Last week, USDA’s U.S. meteorologist Brad Rippey met with producers in southwestern Michigan. The first stop, on a rainy, stormy morning, was with Bryan Bixby, owner of Bixby Orchards in Berrien Springs.  Bixby described how spring wetness has been detrimental to fieldwork and crop quality.  For example, wet, humid conditions shortened the southwestern Michigan strawberry season and reduced fruit quality.  In addition, wetness has impeded Bixby’s efforts to complete soybean planting.  During a tour of his orchards, Bixby described how the recent winter was Michigan’s harshest since 1976-77, causing substantial mortality in peach trees — requiring him to buy peaches from South Carolina in order to meet customer demand. Read more »

New Web-Based Tool Helps Land Managers Plan for Forests’ Future

U.S. Forest Service planning teams must complete rapid assessments of ecosystem conditions on national forests and the effects on those ecosystems (such as this one at Cedar Lake) from stressors, such as climate change. U.S. Forest Service photo

U.S. Forest Service planning teams must complete rapid assessments of ecosystem conditions on national forests and the effects on those ecosystems (such as this one at Cedar Lake) from stressors, such as climate change. U.S. Forest Service photo

This post is part of the Science Tuesday feature series on the USDA blog. Check back each week as we showcase stories and news from the USDA’s rich science and research portfolio.

From South Carolina’s coastal plain to the North Carolina mountains to the tropics of Puerto Rico to the southern Sierra Nevada region of California, climate change is on the minds of forest planners.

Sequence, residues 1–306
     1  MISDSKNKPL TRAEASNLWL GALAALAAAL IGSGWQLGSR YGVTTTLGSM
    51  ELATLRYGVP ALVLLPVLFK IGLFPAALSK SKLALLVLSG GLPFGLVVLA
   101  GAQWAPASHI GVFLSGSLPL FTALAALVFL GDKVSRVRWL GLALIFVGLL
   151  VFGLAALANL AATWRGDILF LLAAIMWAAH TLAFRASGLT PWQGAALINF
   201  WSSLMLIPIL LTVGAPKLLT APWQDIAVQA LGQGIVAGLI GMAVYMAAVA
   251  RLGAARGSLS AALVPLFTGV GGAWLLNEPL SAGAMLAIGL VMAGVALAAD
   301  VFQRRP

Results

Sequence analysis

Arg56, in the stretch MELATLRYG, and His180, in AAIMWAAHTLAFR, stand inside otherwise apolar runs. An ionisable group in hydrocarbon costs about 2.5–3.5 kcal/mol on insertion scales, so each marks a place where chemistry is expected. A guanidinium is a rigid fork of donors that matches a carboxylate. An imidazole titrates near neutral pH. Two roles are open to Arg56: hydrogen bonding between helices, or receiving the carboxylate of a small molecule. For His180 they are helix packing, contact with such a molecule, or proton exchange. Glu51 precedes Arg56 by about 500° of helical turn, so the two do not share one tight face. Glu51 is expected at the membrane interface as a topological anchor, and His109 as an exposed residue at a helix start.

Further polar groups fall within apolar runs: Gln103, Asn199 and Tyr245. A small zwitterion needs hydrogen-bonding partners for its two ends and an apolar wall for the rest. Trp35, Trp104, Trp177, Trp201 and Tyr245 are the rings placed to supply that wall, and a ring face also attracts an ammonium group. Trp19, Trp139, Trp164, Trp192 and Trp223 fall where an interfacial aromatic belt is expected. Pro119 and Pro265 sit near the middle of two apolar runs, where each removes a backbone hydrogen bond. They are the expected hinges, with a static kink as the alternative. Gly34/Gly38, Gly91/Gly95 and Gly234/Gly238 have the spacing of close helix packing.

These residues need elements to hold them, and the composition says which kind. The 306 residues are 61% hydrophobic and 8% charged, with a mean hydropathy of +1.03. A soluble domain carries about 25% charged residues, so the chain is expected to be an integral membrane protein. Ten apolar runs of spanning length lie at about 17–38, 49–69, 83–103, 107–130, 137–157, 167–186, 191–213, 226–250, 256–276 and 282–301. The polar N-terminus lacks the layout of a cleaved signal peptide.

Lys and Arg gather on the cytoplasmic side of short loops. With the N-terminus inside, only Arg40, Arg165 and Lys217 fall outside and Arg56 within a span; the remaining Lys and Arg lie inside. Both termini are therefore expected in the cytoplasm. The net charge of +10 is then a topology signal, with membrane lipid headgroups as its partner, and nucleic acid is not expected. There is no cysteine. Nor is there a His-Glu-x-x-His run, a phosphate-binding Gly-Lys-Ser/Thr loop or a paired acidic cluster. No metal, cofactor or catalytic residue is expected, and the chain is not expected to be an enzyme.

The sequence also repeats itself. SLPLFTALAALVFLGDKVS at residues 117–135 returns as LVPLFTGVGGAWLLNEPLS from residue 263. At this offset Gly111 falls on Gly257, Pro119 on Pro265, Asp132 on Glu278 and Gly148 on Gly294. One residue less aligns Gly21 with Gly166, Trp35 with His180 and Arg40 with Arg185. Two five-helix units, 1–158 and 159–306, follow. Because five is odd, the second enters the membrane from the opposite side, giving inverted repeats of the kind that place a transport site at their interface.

That’s because U.S. Forest Service planning teams in these areas are among the first to revise their land and resource management plans under the 2012 Planning Rule. To help them in their planning, land managers from the Francis Marion, Nantahala, Pisgah, El Yunque, Inyo, Sequoia, and Sierra national forests will turn to a web-based tool known as the Template for Assessing Climate Change Impacts and Management Options.

Forest Plans help guide the management of national forests and are typically revised every 10 to 15 years. The plans help ensure that national forests and grasslands continue to meet the requirements of the National Forest Management Act—for clean air and water, timber and other forest products, wildlife habitat, recreation and more. Read more »

Restored Wetland Doubles as Outdoor Classroom for High School Students

Swales, like this one, were created throughout the wetland to hold water after a rain event, which in turn helps aid in flood storage, enhances plant diversity and provides habitat for wildlife. NRCS photo.

Swales, like this one, were created throughout the wetland to hold water after a rain event, which in turn helps aid in flood storage, enhances plant diversity and provides habitat for wildlife. NRCS photo.

A 53-acre conservation easement is an ideal environmental learning lab for students at Francis Hugh Wardlaw Academy in Johnston, South Carolina.  The land was once pastures for cattle, but now it’s a vibrant wetland just across the street from the high school.

The contractor hired to install the restoration work, Charles Kemp, was instrumental in involving the school’s students in creating and managing the wetland. “These students are exploring what a career in agriculture or environmental science would be like, and they love being outside and escaping the confines of the classroom,” Kemp said.

USDA’s Natural Resources Conservation Service provided technical and financial assistance to develop the restoration plan, and install the structures and earthwork to convert the wet pasture into a functioning wetland. Read more »